A joint replacement surgery can cost as little as $5,000 or as much as $30,000 depending on the hospital due to differences in practice patterns and devices used, according to a new Premier report.
The Medical Group Management Association and five other physician organizations formed a coalition to advocate for policies that support independent doctors transitioning to value-based payment.
Defining high-quality care, measuring it and communicating about it with integrity and transparency is tough. It starts with a culture of caring in which patient interactions are authentic and decisions are made with the patient as part of the team.
The CMS wants to eliminate 19 measures across the agency's five quality and value-based purchasing programs as part of its larger goal to reduce the administrative burden for providers. The agency also aims to eliminate redundancies in 21 measures.
Humana's incentive program will award hospitals annual rate hikes based on how they perform on measures assessing patient safety, experience and outcomes.
The Louisville, Ky.-based insurer joined a small group of private payers bundling childbirth services, citing the potential for savings.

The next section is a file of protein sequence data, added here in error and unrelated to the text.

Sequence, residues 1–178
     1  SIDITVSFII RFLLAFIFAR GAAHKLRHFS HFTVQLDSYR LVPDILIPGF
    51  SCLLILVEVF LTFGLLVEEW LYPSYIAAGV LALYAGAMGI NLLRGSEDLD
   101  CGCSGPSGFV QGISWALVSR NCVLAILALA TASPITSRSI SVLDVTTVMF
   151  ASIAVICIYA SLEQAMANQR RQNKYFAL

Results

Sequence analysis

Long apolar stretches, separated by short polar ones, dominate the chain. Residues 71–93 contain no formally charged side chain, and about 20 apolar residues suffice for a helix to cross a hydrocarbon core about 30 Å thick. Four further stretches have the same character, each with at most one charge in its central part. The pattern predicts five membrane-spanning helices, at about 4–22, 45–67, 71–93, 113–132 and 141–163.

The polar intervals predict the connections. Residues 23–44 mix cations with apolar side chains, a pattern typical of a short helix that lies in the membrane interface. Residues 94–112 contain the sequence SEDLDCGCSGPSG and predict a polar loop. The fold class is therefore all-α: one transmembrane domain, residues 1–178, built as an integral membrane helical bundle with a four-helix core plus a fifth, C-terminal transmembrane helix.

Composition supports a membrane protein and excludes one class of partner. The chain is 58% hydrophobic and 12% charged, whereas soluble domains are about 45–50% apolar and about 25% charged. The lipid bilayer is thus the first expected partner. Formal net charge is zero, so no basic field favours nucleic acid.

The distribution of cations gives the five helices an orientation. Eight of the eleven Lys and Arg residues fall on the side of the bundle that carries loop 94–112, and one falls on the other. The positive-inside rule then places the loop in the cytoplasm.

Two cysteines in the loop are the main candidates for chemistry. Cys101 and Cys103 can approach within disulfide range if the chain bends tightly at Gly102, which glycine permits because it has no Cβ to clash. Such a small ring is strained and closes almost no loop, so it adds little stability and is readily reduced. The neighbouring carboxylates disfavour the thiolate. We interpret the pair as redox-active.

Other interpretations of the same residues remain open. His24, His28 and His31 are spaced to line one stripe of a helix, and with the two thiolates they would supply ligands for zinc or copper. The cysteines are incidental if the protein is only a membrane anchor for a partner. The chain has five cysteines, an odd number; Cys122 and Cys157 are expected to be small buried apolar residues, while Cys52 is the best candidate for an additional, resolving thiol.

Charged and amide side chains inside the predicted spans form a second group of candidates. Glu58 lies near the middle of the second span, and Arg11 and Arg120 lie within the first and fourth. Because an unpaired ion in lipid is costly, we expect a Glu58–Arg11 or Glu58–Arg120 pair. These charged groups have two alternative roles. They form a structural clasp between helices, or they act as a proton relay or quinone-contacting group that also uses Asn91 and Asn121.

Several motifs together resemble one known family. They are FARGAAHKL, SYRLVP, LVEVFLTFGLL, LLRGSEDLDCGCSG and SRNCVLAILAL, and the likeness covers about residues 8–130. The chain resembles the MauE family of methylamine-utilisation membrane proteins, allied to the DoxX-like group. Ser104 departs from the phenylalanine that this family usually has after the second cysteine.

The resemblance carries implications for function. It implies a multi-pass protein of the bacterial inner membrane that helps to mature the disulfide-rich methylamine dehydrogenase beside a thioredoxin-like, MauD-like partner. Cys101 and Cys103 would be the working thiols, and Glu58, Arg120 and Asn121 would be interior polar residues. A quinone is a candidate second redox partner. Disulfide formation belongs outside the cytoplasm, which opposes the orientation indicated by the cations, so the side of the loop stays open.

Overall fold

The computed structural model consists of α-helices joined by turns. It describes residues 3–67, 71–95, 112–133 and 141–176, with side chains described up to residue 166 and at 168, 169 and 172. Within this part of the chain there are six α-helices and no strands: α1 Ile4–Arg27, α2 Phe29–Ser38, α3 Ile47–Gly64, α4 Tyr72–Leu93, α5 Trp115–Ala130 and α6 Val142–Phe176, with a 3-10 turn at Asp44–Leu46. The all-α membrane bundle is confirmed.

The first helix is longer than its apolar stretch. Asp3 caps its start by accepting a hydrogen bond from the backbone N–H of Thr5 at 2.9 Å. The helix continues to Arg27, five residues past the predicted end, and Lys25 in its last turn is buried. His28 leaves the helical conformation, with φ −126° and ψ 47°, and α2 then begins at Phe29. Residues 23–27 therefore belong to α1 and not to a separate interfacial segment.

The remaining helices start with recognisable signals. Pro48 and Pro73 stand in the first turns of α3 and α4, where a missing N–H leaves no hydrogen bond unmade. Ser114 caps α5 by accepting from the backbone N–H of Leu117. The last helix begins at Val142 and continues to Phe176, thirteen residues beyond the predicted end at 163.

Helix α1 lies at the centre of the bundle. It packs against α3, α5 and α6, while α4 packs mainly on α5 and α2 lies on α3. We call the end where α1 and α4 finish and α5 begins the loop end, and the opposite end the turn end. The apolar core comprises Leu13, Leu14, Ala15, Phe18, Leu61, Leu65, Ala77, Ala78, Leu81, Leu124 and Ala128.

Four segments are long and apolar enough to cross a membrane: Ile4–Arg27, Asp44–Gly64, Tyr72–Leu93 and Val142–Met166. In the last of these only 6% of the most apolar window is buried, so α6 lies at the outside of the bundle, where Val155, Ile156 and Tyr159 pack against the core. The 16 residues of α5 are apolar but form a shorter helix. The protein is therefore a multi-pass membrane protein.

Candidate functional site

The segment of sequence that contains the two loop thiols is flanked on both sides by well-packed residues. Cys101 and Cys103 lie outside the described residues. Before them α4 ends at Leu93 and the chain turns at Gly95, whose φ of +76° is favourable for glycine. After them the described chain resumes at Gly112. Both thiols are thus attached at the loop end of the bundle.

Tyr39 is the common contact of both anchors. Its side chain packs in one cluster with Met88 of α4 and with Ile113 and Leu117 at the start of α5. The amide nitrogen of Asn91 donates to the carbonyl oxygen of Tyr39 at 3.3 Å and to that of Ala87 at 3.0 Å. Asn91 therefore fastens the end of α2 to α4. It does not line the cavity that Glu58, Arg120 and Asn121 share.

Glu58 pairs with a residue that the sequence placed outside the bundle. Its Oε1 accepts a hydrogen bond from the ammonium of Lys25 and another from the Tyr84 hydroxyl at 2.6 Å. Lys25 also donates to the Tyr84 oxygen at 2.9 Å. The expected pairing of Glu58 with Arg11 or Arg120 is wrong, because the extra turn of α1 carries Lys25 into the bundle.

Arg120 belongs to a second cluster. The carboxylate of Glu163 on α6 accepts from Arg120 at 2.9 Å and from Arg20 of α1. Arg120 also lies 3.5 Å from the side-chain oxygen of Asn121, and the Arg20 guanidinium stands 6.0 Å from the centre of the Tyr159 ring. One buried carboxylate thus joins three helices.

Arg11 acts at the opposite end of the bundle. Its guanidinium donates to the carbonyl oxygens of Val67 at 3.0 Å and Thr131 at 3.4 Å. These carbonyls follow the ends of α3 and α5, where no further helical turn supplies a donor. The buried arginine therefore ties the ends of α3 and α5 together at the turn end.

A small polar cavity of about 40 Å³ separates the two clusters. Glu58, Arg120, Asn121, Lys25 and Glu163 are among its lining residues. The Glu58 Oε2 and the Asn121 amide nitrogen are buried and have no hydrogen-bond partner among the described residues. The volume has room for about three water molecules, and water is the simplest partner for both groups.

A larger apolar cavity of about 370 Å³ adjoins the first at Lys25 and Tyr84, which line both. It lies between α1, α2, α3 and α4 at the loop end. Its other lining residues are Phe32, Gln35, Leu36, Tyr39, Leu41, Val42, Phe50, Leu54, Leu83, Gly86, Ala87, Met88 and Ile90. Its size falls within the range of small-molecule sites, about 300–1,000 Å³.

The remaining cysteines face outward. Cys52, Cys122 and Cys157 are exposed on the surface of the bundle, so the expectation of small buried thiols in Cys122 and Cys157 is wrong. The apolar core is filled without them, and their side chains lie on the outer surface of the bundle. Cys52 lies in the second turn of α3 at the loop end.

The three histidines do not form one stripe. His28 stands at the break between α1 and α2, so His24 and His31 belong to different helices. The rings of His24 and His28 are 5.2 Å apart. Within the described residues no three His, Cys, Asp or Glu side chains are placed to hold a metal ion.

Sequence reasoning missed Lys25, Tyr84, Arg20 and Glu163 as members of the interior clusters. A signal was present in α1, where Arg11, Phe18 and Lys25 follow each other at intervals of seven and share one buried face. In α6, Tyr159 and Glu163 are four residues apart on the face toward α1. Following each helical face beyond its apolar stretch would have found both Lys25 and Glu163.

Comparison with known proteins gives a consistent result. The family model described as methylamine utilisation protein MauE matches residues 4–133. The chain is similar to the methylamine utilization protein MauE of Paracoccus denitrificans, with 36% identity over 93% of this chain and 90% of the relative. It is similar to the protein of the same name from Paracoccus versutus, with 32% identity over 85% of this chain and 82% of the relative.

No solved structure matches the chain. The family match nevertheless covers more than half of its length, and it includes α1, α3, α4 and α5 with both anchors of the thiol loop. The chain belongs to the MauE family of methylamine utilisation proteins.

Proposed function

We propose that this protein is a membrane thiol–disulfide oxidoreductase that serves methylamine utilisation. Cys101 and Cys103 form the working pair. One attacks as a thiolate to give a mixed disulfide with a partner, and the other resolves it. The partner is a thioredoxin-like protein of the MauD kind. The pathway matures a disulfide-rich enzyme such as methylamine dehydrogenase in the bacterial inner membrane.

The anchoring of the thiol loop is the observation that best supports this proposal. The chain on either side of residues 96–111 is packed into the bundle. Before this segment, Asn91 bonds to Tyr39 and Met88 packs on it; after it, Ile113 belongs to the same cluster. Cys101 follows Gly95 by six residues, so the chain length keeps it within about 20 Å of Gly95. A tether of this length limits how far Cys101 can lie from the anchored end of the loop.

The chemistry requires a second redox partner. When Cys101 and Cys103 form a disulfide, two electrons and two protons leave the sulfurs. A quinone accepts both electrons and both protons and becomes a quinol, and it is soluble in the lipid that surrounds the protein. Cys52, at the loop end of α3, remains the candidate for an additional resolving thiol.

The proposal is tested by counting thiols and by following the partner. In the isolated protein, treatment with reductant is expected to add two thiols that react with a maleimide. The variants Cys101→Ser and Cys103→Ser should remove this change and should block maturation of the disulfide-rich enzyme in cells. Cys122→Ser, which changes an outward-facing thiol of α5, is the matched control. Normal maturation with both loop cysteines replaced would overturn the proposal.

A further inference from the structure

Highmark Health, a Pittsburgh-based Blues plan, has reached a value-based drug-pricing contract with AstraZeneca for Symbicort, which is used to treat asthma and other chronic lung diseases.
New research suggests policymakers need to directly address prices rather than focusing on value-based care.
With healthcare costs skyrocketing and the health of Americans suffering amid a fragmented system, there's a critical need to shift to a patient-centered healthcare system focused on outcomes and the value patients receive for their healthcare dollar.
Q&A with Presbyterian Healthcare Services CEO Dale Maxwell: 'We've answered many of the questions other systems are just beginning to ask'
Dale Maxwell, CEO of Presbyterian Healthcare Services, says that the integrated health system has found success in care models that keep patients out of the hospital.
Risk-averse accountable care organizations are the largest reason why the federal government hasn't yet been able to profit from the program, and they have cost the CMS $384 million in three years, according to a new report.
CMS' risk-adjustment changes under the Next Generation ACO Model sparked concerns from some ACOs that they couldn't make money under the program.